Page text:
He was involved in a great dispute with Pope Innocent III. The Pope confirmed the privileges granted to the Temple, but Gilbert decided to maintain peace between Muslims and Christians. Because of this, tensions between the Templars and the Hospitallers increased; with the latter taking advantage of the situation to recover castles and some land.

Furthermore, during his mandate the Order participated in the Reconquest of the peninsula. As a result, King Alfonso II of Aragón, thanking the Templars for their services, donated the Alfambra fortress. In 1200 Gilberte died, just at the beginning of the Fourth Crusade.

Pedro de Montaigú, master of the Third Crusade

Vista aérea del castillo de Miravet

Aerial view of the castle of Miravet, one of the most important castles for the Order. | Shutterstock

Pedro de Montaigú was born in Aragón and joined the Order in 1218; when he arrived in Acre during the Third Crusade. He was the fifteenth Grand Master of the Templars. He also belonged to the Crusade of Navas de Tolosa and was Master of Provence, Catalonia and Aragón.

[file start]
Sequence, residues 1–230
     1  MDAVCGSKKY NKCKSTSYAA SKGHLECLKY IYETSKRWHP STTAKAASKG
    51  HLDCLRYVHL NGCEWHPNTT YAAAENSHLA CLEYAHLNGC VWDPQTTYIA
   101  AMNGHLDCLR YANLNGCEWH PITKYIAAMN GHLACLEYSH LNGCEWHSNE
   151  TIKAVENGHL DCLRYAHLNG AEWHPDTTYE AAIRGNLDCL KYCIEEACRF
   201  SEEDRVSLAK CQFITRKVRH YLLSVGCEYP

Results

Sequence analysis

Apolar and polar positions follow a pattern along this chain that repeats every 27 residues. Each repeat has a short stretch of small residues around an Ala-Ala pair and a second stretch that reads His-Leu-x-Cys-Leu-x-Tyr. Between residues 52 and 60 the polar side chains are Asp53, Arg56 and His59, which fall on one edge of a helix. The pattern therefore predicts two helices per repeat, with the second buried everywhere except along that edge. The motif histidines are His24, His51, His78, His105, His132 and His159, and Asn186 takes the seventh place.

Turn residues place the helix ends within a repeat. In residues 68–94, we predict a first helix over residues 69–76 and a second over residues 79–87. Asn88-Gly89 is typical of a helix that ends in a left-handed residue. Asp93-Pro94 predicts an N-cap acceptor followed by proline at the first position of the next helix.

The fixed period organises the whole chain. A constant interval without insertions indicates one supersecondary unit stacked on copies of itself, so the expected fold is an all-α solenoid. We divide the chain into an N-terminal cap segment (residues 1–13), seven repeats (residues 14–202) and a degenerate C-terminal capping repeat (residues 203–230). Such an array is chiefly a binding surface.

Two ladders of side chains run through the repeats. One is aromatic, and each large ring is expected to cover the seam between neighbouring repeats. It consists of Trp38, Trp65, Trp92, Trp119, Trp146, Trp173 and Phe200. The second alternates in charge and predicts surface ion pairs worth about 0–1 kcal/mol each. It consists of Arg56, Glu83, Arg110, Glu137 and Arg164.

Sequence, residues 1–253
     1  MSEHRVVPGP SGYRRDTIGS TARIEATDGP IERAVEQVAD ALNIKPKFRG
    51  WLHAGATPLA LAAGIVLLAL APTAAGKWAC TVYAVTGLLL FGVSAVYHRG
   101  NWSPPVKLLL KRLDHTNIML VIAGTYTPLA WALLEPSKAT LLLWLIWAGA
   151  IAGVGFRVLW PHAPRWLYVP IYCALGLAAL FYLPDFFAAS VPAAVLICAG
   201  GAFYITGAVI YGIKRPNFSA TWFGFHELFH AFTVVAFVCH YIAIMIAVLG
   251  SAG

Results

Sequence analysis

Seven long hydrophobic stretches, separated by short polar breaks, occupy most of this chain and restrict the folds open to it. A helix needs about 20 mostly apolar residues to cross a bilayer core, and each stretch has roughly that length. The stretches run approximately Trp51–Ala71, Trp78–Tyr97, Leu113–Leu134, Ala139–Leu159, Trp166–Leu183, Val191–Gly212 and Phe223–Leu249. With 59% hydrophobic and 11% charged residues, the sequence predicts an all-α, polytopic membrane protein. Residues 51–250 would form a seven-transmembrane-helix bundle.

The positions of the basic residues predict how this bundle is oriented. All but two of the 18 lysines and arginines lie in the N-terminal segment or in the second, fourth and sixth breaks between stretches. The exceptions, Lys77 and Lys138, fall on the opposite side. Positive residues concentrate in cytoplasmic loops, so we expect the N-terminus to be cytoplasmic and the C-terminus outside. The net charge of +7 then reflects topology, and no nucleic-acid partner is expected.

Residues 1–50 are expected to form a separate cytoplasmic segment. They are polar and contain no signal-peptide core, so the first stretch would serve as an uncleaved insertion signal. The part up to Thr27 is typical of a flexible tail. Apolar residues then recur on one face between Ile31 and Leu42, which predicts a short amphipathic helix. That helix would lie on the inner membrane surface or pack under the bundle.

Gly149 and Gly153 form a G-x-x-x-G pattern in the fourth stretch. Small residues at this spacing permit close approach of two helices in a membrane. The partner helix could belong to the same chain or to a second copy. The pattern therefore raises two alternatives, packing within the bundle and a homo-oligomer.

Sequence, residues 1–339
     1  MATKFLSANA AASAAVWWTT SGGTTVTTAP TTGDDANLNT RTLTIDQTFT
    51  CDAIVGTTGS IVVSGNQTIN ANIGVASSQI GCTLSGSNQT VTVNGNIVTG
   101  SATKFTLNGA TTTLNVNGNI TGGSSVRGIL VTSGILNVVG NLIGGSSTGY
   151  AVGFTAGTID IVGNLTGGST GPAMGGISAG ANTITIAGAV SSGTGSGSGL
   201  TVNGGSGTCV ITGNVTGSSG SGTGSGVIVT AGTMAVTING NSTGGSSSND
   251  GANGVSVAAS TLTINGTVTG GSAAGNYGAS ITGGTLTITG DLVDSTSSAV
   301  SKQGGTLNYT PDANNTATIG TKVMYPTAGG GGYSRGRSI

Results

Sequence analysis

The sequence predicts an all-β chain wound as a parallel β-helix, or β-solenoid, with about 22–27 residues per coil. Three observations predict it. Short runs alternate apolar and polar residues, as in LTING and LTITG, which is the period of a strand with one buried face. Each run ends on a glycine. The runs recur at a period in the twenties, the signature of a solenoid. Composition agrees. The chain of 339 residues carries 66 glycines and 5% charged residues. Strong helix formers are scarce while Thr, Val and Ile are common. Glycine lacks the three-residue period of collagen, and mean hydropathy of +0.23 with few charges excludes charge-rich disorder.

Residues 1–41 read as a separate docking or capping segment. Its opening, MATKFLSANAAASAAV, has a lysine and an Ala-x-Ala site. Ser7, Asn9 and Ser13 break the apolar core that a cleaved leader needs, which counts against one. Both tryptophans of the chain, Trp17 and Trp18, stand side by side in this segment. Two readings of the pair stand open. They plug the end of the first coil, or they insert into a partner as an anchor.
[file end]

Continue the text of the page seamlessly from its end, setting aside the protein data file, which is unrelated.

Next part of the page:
Together with King John of Brienne, regent of Jerusalem, he conquered Damiette, thus joining the Order. He was a Templar until his death in 1232, having great importance due to his ability to fight.

Berenguer de Cardona, second-to-last Master of Aragón

The Templar Berenguer de Cardona was the second to last Master of the Crown of Aragón. He managed all the Order’s possessions in this part of the peninsula until Pope Clement V abolished it due to pressure from the French King Philip IV.

He took part in the conquests against the Muslims in Murcia and supervised the defence of the castles of Caravaca and Cehegín. In 1294, he was appointed warden of the Christians in Tunis, but he renounced all rights on behalf of the Templars. In exchange, he asked for the rights in Peñíscola, Ares and Caves of Vinromá. He travelled several times to Cyprus, as it was a strategic point for the Order to conquer Jerusalem. He died here in 1307.

Castillo de Caravaca

Caravaca Castle, defended by Berenguer de Cardona | Shutterstock

That year, the King of France accused the Templars of heresy, taking them to the stake and killing them. In Spain, however, the end of the Order was very different. Although, despite not believing the accusations, they accepted the orders out of obedience to Rome. They confiscated Templar goods, but did not burn them at the stake. They continued to act with them to win the fight against the Muslims in the peninsula; but without using the name of the Knights Templar.